Severe atopic eczema in adults is associated with a moderately increased risk of cardiovascular problems including heart attacks, stroke, and irregular heart rate, according to a study published in The BMJ.
Atopic eczema (AE) is becoming more common worldwide which affects up to 10% of adults. It is caused by both skin barrier and immune system defects, and there is increasing evidence that the systemic inflammatory component of the disease may contribute to other conditions, including cardiovascular outcomes.
Richard J. Silverwood and his associates conducted a study to investigate whether adults with atopic eczema are at an increased risk of cardiovascular disease and whether the risk varies with the disease severity and condition activity over time.
The primary outcome measured in the study was Cardiovascular outcomes (myocardial infarction, unstable angina, heart failure, atrial fibrillation, stroke, and cardiovascular death).
The study included 3,87, 439 patients with atopic eczema versus 1, 528, 477 patients without atopic eczema with an average age of 43 years at cohort entry out of which 66% were female.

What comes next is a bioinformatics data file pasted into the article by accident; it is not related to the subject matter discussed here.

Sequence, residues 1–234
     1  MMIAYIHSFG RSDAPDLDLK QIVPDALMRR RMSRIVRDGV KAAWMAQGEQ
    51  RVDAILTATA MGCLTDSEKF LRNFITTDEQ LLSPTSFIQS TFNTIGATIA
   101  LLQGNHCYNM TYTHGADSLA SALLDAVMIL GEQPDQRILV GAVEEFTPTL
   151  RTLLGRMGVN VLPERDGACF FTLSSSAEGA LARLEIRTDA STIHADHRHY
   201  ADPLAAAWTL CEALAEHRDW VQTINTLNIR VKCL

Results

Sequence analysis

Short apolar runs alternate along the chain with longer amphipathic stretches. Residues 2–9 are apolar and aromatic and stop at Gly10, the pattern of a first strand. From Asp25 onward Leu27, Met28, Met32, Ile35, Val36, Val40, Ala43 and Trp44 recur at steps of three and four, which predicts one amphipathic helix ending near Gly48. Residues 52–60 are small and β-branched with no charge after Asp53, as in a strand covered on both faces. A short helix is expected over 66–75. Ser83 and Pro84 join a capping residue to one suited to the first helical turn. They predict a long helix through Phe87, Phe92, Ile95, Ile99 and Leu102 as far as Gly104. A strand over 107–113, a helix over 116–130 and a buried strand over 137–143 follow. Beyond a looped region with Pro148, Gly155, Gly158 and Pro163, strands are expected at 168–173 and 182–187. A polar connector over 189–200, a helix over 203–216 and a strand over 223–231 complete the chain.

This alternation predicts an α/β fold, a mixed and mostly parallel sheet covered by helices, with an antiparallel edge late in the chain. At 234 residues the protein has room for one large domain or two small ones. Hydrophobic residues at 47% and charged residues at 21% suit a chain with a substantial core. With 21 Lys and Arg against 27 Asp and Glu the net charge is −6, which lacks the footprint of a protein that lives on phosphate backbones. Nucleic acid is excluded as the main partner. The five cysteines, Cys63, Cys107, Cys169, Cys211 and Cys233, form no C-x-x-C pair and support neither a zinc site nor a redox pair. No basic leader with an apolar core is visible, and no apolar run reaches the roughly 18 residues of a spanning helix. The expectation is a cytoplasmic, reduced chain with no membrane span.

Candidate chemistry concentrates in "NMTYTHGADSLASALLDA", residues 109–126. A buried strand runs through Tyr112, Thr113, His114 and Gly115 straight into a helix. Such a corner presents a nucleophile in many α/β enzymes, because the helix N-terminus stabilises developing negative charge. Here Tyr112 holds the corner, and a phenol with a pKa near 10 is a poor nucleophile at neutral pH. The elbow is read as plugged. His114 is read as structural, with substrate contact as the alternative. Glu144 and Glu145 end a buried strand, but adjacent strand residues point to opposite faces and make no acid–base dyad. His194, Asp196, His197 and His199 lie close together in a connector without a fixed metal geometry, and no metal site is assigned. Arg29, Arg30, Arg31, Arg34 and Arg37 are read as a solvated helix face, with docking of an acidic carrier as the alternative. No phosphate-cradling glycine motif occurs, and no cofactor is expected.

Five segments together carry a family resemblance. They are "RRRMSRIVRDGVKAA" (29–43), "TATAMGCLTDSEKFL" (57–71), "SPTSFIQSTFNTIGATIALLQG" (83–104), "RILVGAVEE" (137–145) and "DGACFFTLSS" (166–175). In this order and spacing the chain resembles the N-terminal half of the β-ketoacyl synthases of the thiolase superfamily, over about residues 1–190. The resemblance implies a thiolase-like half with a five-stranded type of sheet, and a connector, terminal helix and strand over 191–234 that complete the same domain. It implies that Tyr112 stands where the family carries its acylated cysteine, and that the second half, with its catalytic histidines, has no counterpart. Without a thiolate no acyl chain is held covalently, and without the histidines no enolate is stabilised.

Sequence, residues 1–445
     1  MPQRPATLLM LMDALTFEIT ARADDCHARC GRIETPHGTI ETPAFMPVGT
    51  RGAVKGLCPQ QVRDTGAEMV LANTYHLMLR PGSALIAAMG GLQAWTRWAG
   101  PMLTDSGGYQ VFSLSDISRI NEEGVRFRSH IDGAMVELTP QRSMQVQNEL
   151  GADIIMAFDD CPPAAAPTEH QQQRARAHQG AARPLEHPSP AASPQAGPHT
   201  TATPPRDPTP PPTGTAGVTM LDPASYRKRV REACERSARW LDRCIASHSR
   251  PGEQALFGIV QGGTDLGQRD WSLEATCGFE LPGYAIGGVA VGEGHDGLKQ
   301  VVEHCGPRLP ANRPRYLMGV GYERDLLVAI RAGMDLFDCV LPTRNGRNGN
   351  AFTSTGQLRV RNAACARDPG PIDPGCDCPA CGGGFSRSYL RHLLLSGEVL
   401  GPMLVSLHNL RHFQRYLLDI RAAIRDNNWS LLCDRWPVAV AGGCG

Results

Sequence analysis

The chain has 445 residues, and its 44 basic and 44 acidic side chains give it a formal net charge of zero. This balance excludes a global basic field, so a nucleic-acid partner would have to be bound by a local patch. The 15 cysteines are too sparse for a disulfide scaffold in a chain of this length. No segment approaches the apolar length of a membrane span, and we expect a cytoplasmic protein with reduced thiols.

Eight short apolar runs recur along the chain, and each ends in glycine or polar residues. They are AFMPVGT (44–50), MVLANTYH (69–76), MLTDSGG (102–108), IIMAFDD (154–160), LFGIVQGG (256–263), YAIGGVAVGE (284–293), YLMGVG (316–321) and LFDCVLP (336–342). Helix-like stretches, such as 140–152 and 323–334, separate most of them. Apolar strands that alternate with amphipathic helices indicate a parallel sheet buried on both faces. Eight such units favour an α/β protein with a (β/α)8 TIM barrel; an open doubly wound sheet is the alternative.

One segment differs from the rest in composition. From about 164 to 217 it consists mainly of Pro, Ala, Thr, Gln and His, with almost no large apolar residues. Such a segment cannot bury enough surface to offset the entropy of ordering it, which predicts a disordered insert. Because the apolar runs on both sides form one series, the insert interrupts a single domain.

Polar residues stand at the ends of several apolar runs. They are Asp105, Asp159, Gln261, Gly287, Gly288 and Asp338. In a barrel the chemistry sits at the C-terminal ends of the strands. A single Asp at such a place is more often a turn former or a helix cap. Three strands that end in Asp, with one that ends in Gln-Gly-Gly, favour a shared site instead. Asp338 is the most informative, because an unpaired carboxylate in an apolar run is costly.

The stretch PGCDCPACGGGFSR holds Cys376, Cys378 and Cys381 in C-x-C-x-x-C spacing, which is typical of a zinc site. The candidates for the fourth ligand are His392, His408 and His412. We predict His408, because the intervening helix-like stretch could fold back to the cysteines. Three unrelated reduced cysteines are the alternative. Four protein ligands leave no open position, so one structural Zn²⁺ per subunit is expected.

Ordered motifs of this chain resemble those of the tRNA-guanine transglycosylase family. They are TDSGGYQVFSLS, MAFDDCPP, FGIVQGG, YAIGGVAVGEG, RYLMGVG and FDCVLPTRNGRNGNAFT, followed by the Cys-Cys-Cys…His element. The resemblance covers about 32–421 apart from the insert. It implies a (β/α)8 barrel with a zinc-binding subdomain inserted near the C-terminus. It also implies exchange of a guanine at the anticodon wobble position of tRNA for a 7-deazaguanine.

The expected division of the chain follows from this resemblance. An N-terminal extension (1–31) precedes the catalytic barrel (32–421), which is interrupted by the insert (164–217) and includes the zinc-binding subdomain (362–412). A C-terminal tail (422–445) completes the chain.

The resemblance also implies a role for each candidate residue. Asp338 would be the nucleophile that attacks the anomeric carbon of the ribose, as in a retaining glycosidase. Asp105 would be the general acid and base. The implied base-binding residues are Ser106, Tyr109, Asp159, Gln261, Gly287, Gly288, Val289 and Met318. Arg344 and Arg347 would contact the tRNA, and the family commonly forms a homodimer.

The study found a strong dose-response relation with severity of AE and showed:
- 20% increase in the risk of stroke
- 40% to 50% increase in the risk of myocardial infarction, unstable angina, atrial fibrillation, and cardiovascular death
- 70% increase in the risk of heart failure
- Patients with the most active atopic eczema (active >50% of follow-up) were also at a greater risk of cardiovascular outcomes
The study concluded that consideration should be given to developing prevention strategies to reduce the risk of cardiovascular disease among patients with severe or predominantly active atopic eczema, including awareness of and screening for conventional cardiovascular risk factors.
For more reference log on to http://www.bmj.com/content/361/bmj.k1786